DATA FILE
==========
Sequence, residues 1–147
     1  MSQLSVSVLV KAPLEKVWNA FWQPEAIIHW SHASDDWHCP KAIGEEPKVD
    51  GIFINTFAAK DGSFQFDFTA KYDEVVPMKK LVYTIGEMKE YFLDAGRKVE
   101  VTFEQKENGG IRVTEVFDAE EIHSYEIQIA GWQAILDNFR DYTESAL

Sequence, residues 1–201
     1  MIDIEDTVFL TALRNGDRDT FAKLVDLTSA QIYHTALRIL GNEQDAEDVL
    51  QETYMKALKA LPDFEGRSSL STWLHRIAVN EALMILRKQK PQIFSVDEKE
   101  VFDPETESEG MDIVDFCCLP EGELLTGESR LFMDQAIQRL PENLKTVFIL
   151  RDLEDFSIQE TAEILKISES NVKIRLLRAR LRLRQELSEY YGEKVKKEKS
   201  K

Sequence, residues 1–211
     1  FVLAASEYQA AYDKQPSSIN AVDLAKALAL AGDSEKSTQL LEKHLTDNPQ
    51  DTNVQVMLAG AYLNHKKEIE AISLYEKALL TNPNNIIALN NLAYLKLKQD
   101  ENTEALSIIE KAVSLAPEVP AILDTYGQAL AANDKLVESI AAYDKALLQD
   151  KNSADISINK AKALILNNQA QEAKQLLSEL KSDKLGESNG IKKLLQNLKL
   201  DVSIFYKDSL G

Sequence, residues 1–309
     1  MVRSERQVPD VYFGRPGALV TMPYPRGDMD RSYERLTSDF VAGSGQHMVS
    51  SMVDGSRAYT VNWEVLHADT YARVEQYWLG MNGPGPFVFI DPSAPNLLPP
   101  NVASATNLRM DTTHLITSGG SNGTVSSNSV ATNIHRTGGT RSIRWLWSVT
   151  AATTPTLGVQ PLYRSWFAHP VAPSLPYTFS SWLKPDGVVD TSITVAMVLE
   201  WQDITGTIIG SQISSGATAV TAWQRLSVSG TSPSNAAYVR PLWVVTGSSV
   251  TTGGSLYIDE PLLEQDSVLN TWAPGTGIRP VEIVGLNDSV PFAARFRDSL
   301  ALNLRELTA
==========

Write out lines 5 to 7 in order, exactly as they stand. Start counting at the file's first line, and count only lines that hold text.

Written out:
Sequence, residues 1–201
     1  MIDIEDTVFL TALRNGDRDT FAKLVDLTSA QIYHTALRIL GNEQDAEDVL
    51  QETYMKALKA LPDFEGRSSL STWLHRIAVN EALMILRKQK PQIFSVDEKE